Near-open central vowel

Near-open central vowel

Near-open central vowel
ɐ
IPA number 324
Encoding
Entity (decimal) ɐ
Unicode (hex) U+0250
X-SAMPA 6
Kirshenbaum &"
Braille ⠲ (braille pattern dots-256) ⠁ (braille pattern dots-1)
Sound
 ·

The near-open central vowel, or near-low central vowel, is a type of vowel sound, used in some spoken languages. The symbol in the International Phonetic Alphabet that represents this sound is ɐ, a rotated lowercase letter a.

The IPA prefers terms "close" and "open" for vowels, and the name of the article follows this. However, a large number of linguists, perhaps a majority, prefer the terms "high" and "low".

Contents

  • Features 1
  • Occurrence 2
  • See also 3
  • Notes 4
  • References 5

Features

IPA vowel chart
Front Near-​front Central Near-​back Back
Close
iy
ɨʉ
ɯu
ɪʏ
ʊ
eø
ɘɵ
ɤo
ø̞
əɵ̞
ɤ̞
ɛœ
ɜɞ
ʌɔ
æ
ɐ
aɶ
äɒ̈
ɑɒ
Near-close
Close-mid
Mid
Open-mid
Near-open
Open
Paired vowels are: unrounded • rounded
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 •  • chart •  chart with audio •

Occurrence

Language Word IPA Meaning Notes
Afrikaans[1][2] dak [dɐk] 'roof' See Afrikaans phonology
Arabic[3] قطة [qɐtˤ.tˤɐ] 'cat' Allophone of long and short /a/ for Persian Gulf speakers. See Arabic phonology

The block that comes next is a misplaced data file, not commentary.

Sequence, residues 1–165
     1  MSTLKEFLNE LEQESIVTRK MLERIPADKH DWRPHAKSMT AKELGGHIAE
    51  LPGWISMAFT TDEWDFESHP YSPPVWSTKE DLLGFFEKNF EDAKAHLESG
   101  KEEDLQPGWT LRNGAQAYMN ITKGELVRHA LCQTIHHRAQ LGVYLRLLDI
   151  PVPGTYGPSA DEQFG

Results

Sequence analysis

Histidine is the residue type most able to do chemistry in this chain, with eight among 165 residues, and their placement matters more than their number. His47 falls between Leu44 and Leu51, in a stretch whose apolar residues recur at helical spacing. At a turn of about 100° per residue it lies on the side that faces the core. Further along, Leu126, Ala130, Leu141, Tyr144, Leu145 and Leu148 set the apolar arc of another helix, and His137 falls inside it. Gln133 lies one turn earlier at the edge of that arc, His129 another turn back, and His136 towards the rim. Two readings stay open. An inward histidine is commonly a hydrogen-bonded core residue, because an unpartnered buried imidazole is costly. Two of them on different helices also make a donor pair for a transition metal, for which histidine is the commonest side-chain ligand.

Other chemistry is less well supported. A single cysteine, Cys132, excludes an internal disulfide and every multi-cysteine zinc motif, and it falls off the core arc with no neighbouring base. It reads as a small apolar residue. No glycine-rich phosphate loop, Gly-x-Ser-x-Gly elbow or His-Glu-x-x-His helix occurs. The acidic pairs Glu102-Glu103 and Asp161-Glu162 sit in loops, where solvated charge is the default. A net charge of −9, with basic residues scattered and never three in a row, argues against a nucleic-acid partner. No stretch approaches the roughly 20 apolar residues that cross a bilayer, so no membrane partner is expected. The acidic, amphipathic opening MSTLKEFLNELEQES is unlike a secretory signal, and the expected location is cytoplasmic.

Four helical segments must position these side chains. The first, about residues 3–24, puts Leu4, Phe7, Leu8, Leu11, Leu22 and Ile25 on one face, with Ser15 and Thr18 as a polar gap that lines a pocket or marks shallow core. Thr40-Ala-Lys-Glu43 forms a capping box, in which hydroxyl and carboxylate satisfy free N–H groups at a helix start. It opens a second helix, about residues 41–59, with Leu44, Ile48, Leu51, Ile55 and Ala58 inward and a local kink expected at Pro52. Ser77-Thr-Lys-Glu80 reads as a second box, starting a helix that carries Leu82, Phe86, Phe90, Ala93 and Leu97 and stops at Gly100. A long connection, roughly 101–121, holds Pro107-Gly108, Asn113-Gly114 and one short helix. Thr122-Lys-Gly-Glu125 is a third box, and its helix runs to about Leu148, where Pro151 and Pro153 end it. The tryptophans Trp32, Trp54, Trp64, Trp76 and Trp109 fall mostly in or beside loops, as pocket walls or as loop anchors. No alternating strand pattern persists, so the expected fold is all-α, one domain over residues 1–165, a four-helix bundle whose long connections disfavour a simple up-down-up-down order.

Bulgarian ъгъл [ˈɤ̞ɡɐɫ] 'angle'
Catalan Barcelona
metropolitan area
[4][5]
emmagatzemar [ɐm(ː)ɐɰɐd͡z̺ɐˈmä] 'to store' Corresponds to [ə] in other dialects. See Catalan phonology
Chinese Cantonese / sam1 [sɐm˥] 'heart' See Cantonese phonology
Danish Standard[6][7][8][9] ånd [ɐ̠nˀ] 'spirit' Somewhat retracted and somewhat rounded. Most often transcribed in IPA as ʌ. See Danish phonology
Dawsahak [nɐ] 'to give'
Dutch Limburg letter [ˈlɛtɐ] 'letter' Corresponds to /ər/ in standard Dutch.
Eastern
Flemish Brabant
The Hague
Twente
English California[10] nut [nɐt] 'nut' ʌ may be used to transcribe this vowel. For most Australians it is fully open [ä], the same is true for some South Africans. In New Zealand it may be fronted [ɐ̟] or somewhat lower [ä].[11] See English phonology
Cultivated Australian
New Zealand[11][12]
Received Pronunciation[13]
South African
Scottish[14] stack [stɐ̟k] 'stack' Fronted; corresponds to [æ] in other dialects, and also [ɑː] in some other dialects.
Cockney[15][16] stuck 'stuck' Fronted; may be [a] instead.